REVIEWED BY GREG KING
Director: Geremy Jasper
Stars: Danielle MacDonald, Bridget Everett, Cathy Moriarty, Siddharth Dhananjay, Mamoudou Athie, Sahr Ngaujah.
White girls can’t rap?
There have been some great movies set against the backdrop of the rap music or hip-hop scene, like 8 Mile, Hustle And Flow and even the recent Straight Outta Compton about the rise of the controversial rap group Public Image, which have been enjoyable even to people like me who don’t particularly like rap music. And there is a touch of 8 Mile about this underdog story of an aspiring white rapper trying to make it on her own terms.
Patti Cake$ is another variation on the rags to riches story as it follows Patti Dumbrowski (played by little known Australian actress Danielle MacDonald), an aspiring rapper, aka Killer-P and Patti Cakes, who hails from a rundown neighbourhood of New Jersey. She is a most unlikely rapper – she is white and overweight – but she has a drive to succeed and her never say die attitude sees her overcome a lot of obstacles to achieve her dreams. She is full of anger and frustration and aggression and these emotions drive her killer rhymes.
There is also a lot of jealousy between her and her mother Barbara (played by Bridget Everett, a frequent collaborator with Amy Schumer), who once had a successful singing career until she had to give it up when she was pregnant with Patricia. There is a simmering resentment that shapes their relationship. Barbara still belts out the occasional number at karaoke night at the dead-end bar where Patricia works. The film explores the toxic relationship Patricia has with her hard-drinking mother, who dishes out plenty of verbal and emotional abuse. The family are struggling financially as well.
But Patricia also receives some support from her wisecracking, pill popping wheelchair bound grandmother (played by Cathy Moriarty, from Raging Bull, etc) who encourages her musical dream. Patti also has help from Jehri (Siddharth Dhananjay), who works in the local pharmacy and encourages her in her rap battles in the car park, and punk rocker Basterd (Mamoudou Athie), a hermit with his own do it yourself recording studio whom she meets at the cemetery. Patti is also obsessed with rap music star O-Z (Sahr Ngaujah), and hopes to meet him so she can give him a demo tape and hopefully help kick start her career. But their first meeting does not go quite as planned.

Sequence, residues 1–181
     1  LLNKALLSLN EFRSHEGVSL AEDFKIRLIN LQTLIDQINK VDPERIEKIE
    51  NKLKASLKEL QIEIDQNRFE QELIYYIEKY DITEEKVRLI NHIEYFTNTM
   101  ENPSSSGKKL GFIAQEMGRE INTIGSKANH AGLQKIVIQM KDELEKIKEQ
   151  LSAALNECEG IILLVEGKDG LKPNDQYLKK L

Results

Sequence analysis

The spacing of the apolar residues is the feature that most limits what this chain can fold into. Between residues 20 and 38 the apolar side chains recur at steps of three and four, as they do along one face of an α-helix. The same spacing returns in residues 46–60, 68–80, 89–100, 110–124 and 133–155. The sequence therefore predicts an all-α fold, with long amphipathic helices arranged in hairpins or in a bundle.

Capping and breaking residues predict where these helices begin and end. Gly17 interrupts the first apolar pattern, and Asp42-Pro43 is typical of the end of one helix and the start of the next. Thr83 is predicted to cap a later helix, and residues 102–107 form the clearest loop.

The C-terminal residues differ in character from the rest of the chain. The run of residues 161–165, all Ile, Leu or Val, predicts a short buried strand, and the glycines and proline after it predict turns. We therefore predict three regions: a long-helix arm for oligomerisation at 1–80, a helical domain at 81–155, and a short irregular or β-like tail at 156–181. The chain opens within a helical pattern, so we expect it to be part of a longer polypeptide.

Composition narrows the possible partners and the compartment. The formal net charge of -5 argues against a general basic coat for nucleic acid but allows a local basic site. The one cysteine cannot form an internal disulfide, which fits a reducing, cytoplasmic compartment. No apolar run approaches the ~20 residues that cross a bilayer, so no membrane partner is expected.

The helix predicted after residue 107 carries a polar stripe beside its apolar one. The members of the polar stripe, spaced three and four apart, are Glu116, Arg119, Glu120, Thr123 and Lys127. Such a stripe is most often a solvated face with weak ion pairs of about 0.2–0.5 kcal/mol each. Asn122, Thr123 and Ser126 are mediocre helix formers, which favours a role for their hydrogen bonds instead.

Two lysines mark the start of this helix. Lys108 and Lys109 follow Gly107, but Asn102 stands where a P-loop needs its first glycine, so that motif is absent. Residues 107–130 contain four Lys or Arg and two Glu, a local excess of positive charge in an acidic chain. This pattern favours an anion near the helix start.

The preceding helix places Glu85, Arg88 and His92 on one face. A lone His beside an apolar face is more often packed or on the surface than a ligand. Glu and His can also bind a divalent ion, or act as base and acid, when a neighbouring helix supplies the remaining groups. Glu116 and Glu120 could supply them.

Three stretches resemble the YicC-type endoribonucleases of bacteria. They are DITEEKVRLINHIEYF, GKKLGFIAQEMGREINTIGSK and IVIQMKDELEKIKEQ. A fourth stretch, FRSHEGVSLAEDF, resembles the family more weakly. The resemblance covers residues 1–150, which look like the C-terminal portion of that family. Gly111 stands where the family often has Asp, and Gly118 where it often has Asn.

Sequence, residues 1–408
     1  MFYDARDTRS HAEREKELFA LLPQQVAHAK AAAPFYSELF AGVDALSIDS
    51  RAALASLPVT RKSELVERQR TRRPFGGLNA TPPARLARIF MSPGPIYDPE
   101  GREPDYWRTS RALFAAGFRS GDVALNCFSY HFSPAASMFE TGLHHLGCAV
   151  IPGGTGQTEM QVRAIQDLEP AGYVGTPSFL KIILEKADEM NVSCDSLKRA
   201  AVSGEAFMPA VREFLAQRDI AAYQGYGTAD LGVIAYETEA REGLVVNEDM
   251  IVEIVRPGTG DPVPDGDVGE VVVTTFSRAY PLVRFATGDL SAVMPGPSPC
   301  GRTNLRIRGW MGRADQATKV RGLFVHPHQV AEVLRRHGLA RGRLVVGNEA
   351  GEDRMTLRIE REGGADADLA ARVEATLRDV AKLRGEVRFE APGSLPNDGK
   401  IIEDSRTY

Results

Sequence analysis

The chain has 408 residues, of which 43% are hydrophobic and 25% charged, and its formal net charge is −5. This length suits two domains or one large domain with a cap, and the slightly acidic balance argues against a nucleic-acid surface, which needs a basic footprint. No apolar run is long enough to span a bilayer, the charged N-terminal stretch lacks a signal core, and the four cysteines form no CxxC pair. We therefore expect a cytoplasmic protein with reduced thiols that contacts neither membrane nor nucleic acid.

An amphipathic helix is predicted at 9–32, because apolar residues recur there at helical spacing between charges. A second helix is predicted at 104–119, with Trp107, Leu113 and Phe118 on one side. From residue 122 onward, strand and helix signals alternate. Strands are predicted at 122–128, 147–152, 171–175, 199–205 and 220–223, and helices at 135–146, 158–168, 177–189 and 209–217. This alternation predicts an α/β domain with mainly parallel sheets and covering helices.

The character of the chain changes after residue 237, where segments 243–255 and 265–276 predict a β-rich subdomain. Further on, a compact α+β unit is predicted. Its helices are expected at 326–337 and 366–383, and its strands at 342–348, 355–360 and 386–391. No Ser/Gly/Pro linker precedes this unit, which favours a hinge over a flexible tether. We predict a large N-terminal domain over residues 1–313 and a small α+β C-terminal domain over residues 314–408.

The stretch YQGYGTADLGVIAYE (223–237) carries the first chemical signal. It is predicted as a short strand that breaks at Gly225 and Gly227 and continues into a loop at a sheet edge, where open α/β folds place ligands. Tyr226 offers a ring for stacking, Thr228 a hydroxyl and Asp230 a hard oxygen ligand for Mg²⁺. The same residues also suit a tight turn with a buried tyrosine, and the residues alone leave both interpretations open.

Patti Cakes is the debut feature film for writer/director Geremy Jasper, a New Jersey born director of music videos, who has based much of the film on his own upbringing in a crumbling neighbourhood of New Jersey. He is intimately familiar with the environment, and he brings a sense of authenticity to this background of runaway dreams, rundown neighbourhoods and vacant stores that Bruce Springsteen sings about so eloquently. This is an assured debut for Jasper, who brings plenty of flair and energy to the material, and the music score itself is brash and raw. Jasper brings a 90s music video vibe to the material at times. The film is firmly grounded in the working-class background of the characters, and these characters and their fading dreams could easily have come from a Springsteen song. In fact, a haunting Springsteen ballad plays over the final credits.
Jasper and his cinematographer Frederico Cesca, who hails from a background in short films, bring some surreal touches to the film, especially in a couple of dream sequences which have been shot in a sort of neon lit green palette and which seem to have been heavily influenced by the likes of Fellini and David Lynch. His deliberately dark and moody cinematography also perfectly captures the run-down environment that Patricia inhabits. There is a touch of 8 Mile to the familiar story, but Jasper manages to take the material in a different direction and it feels fresh. The film aims for a feel-good vibe, but it is let down slightly by its ambiguous and cheesy ending.
Patti Cake$ follows Patti’s dark and often troubled journey, and it owes much of its success to the performance of MacDonald whose raw, gritty and honest work grounds the film and holds the audienceâ€™s attention. She spent the better part of 18 months preparing for the role and she lends a gritty authenticity to her character. This is a breakout performance for the charismatic MacDonald and her tour de force performance here should see her land plenty more work in Hollywood.
We haven’t seen a lot of Moriarty on screen lately, but she delivers a superb performance. Everett has a formidable screen presence and also delivers a strong performance as Patti’s mother, an alcoholic who has let life’s disappointments grind her down. But she also has a raunchy stage presence when she takes to the stage at the local bar. This is a strong debut for Dhanajay who brings some comic relief to the material, while Athie has a strong but silent presence as the enigmatic Basterd.
Patti Cake$ is a story that explores themes of family, friendship, stardom, and never giving up on your dreams. However, with its abrasive style it may not appeal to everyone. Nonetheless this film has been a hit on the festival circuit and is worth catching for the breakout performance from MacDonald.